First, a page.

My Daughter Is Being Excluded

By Dr. Stacie Bunning, clinical psychologist


My daughter is in the second grade and is having problems with some girls at the school excluding her from playing with them. It seems to be one girl, who gets other girls to do what she says. I have talked to the teacher several times about this and she says it is best if the girls work it out themselves. I don't think that it is working out so well, and I have tried yet again to talk to the teacher about this and she replies, "Maybe they don't want to play with her!" I think that is very unprofessional and I feel bad for my daughter when she comes home crying almost everyday.

She is a very smart girl and they like her when they need help reading or doing their math, but when it comes time to play on the play ground they exclude her. How can I help my daughter cope with these girls at school, and make her feel good about herself again? I thought by talking to the teacher this would help, but I was very wrong and now I feel my daughter's pain. How do I go about talking to my daughter and what advice do I give her?


You were absolutely right to speak to your daughter's teacher about your concerns; after all, she is the one who spends the better part of each day with your child and therefore is in the best position to observe the dynamics among her students. Unfortunately, you didn't get a very helpful response. If I were you, I would dig a little deeper. Is the problem occurring just at recess, or in other less-structured situations, as well? For example, is your daughter able to enjoy socializing at the lunch table? Is she invited to birthday parties? Does she have play dates? Is she involved in social/group activities outside of school? If you answered "no" to most or all of these questions, then you might want to talk with a licensed professional counselor or psychologist about social skills training for your little girl. A few educational sessions about making friends and interacting with others might benefit her tremendously. Also, consider signing her up for a team sport (such as soccer) or a group (such as Girl Scouts) of other children her age outside of school.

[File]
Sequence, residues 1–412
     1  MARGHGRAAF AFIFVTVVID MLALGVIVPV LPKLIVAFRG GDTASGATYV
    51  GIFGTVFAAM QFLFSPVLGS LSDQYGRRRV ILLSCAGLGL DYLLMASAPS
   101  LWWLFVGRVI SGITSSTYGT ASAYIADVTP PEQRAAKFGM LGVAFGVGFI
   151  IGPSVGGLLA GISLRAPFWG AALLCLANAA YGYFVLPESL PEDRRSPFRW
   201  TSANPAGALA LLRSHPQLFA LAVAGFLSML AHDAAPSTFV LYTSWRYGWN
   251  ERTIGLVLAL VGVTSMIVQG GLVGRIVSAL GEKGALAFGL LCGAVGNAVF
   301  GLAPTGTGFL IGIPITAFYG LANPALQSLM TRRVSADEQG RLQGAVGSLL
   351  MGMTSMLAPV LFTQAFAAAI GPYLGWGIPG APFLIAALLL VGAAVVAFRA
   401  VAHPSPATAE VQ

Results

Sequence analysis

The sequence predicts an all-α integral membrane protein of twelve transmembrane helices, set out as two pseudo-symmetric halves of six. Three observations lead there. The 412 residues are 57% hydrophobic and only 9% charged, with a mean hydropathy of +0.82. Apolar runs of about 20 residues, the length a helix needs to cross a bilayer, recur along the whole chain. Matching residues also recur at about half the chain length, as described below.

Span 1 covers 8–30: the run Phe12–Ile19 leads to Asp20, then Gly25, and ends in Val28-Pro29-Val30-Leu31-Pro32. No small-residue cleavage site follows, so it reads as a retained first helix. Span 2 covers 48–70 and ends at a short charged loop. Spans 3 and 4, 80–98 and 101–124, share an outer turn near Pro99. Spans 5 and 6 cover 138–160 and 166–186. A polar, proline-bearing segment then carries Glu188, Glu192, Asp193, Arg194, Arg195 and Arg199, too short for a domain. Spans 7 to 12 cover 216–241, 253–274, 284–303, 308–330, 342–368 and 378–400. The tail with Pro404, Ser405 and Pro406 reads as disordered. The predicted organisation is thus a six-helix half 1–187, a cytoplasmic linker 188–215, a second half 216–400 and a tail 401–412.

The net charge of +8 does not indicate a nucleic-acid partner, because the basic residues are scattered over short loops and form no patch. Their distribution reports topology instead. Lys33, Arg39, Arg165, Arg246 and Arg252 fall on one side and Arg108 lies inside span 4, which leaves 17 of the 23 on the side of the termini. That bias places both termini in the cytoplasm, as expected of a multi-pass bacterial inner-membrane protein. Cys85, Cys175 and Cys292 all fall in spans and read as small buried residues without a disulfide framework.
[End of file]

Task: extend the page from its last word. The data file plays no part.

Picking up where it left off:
If the problems occur exclusively during the school day (that is, she has plenty of social opportunities outside of school, including group activities and play dates), then a talk with the school counselor or even the principal is in order. You have tried twice to address the issue with your daughter's teacher, to no avail. It's time to move up the ladder and take the matter to an administrator. Most schools have strict regulations against bullying of any kind - physical or psychological - and if your daughter is being deliberately singled out for exclusion or rejection, she is being bullied; something needs to be done. Arm yourself with information by finding out what the policy against bullying is at your daughter's school.

Finally, be sure to monitor your own emotional reactions. Although you are understandably pained by your daughter's heartbreak, try not to dwell on it or allow her to dwell on it. Of course, children love attention (of any kind), and your daughter may have figured out that when she feels sad about being left out at school, it brings Mommy closer, which feels really good. Then you end up with a difficult-to-break cycle of complaining/crying, nurturing/reassuring. If you suspect this might be the case, gradually shorten these conversations and redirect your daughter's focus to talking about two or three positive things that happened at school that day.

Dr. Stacie Bunning is a licensed clinical psychologist in the St. Louis area. She has worked with children, adolescents, and their families in a variety of clinical settings for 20 years. Bunning also teaches courses in child psychology, adolescent psychology, and human development at Maryville University in St. Louis.

Advice from our experts is not a substitute for professional diagnosis or treatment from a health-care provider or learning expert familiar with your unique situation. We recommend consulting a qualified professional if you have concerns about your child's condition.